This baby rocks hard! Cute kid, and hey...it won't be long before he is repeating the lyrics too! The grandparents will like that I'm sure!
6/29: Parachute - Jimmy Kimmel Live
6/29: David Crosby & Graham Nash - Late Night With Jimmy Fallon (R-5/25/11)
6/30: David Cook - Lopez Tonight
6/30: Cake - Late Show With David Letterman
6/30: 311 - Jimmy Kimmel Live
7/5: Stevie Nicks - The Ellen Degeneres Show (5/10/11)
7/6: Panic! At The Disco - Jimmy Kimmel Live (R-6/20/11)
7/7: Rick Springfield - Live With Regis & Kelly
7/7: Todd Rundgren - Late Show With David Letterman (R-6/15/11)
7/11: Incubus - Late Show With David Letterman
7/13: The Strokes - Conan (R- 4/20/11)
Bruce Springsteen has posted his eulogy for Clarence Clemons. The E Street saxophonist died on June 18th, a week after suffering a stroke. Here are excerpts from Springsteen's text, which he delivered on June 21st in Palm Beach, Florida:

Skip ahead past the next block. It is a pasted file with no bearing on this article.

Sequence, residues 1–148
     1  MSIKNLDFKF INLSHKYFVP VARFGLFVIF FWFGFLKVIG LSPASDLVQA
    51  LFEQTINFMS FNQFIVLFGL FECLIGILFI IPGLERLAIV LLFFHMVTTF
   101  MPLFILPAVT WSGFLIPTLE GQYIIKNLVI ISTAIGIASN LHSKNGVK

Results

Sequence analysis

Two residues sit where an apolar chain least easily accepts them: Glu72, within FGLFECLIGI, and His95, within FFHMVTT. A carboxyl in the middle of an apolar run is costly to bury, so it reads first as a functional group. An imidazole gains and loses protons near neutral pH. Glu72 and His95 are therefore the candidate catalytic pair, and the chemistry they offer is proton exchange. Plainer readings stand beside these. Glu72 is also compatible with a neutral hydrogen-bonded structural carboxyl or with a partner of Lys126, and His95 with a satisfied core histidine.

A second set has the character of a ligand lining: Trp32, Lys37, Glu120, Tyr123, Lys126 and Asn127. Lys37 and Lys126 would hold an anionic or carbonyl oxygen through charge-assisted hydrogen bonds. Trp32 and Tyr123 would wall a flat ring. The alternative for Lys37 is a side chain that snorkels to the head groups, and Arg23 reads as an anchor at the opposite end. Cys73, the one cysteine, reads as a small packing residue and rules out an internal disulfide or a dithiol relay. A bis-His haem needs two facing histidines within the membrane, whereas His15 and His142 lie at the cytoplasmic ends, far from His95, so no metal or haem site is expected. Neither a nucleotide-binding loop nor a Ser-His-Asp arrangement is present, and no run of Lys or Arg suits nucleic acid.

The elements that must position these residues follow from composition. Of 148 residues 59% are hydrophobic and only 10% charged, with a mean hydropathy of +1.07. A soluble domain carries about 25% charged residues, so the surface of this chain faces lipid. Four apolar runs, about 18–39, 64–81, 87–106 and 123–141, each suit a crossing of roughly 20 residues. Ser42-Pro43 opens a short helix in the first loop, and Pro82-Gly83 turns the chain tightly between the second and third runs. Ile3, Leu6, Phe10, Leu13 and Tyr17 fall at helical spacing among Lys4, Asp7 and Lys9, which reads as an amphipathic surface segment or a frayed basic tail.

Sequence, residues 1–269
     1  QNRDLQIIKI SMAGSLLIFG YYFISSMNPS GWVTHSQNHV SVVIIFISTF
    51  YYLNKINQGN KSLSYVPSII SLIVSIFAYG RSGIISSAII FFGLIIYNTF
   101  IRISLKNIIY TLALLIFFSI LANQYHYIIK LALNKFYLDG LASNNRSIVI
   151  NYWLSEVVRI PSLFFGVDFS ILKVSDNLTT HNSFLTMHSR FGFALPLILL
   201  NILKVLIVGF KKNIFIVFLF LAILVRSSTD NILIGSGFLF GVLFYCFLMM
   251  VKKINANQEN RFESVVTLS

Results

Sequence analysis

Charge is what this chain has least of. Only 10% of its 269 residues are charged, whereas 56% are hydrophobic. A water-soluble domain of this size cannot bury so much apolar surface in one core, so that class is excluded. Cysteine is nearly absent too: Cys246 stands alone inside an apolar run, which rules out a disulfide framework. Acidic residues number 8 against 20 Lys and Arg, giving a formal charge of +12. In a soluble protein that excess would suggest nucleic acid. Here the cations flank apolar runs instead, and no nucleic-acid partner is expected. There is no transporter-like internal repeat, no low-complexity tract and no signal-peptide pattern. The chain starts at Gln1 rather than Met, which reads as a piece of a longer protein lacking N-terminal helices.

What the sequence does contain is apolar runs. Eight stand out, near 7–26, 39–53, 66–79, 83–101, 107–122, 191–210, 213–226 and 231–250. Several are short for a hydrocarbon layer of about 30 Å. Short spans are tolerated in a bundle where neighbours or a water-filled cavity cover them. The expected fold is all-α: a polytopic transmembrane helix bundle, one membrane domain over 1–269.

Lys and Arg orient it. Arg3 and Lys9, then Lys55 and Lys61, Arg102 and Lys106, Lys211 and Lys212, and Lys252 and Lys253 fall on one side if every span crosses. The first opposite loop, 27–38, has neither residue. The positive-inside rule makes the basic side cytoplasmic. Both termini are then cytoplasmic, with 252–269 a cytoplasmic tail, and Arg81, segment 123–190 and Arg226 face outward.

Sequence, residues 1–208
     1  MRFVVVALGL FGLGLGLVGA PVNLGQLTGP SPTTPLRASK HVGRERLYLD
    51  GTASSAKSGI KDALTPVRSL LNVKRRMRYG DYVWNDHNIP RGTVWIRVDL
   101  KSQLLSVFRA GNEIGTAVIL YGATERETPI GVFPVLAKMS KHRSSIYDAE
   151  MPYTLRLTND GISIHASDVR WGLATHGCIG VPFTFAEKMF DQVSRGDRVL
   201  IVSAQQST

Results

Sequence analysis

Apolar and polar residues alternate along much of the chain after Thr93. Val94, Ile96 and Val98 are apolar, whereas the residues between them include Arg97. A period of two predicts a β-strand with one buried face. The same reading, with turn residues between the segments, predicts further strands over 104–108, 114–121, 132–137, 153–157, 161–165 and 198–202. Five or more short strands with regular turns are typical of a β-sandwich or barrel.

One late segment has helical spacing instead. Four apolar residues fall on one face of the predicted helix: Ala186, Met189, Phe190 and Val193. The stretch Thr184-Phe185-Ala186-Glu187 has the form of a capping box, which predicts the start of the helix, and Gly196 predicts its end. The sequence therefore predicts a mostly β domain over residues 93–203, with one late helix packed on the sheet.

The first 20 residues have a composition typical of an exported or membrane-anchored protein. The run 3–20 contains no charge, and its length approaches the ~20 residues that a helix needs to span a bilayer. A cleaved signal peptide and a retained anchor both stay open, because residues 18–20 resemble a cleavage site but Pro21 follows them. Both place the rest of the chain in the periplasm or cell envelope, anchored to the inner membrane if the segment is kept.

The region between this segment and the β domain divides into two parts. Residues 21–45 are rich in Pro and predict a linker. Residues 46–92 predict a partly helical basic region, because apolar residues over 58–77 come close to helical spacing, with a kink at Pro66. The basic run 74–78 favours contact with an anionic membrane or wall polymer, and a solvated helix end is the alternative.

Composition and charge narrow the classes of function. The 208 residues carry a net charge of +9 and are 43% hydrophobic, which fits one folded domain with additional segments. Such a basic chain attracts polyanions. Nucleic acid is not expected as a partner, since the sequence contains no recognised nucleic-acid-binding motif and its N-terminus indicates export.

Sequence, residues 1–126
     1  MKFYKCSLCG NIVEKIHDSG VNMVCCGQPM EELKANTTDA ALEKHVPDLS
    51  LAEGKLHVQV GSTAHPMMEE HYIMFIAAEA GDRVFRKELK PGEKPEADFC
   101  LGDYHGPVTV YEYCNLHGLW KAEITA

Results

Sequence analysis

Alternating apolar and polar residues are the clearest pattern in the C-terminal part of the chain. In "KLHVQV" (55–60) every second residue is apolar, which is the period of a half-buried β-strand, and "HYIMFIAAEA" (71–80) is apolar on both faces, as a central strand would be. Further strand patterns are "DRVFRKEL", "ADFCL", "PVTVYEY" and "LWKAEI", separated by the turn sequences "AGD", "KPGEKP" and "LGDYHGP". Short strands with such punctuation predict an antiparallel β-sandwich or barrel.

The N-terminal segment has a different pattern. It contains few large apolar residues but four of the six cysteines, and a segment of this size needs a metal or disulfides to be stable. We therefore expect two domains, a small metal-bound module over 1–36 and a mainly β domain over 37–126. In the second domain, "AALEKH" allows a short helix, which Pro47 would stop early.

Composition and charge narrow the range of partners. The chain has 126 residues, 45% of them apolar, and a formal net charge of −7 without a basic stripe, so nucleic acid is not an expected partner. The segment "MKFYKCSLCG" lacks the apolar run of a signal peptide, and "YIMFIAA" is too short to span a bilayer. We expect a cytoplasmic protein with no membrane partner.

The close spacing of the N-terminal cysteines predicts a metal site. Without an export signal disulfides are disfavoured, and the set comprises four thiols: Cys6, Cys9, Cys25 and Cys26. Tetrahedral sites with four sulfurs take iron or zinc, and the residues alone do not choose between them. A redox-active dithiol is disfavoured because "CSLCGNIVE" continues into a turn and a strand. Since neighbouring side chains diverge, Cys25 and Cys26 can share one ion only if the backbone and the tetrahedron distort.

I've been sitting here listening to everyone talk about Clarence and staring at that photo of the two of us right there. It's a picture of Scooter and The Big Man, people who we were sometimes. As you can see in this particular photo, Clarence is admiring his muscles and I'm pretending to be nonchalant while leaning upon him. I leaned on Clarence a lot; I made a career out of it in some ways.
Those of us who shared Clarence's life, shared with him his love and his confusion. Though "C" mellowed with age, he was always a wild and unpredictable ride... My pal was a tough act but he brought things into your life that were unique and when he turned on that love light, it illuminated your world. I was lucky enough to stand in that light for almost 40 years, near Clarence's heart, in the Temple of Soul.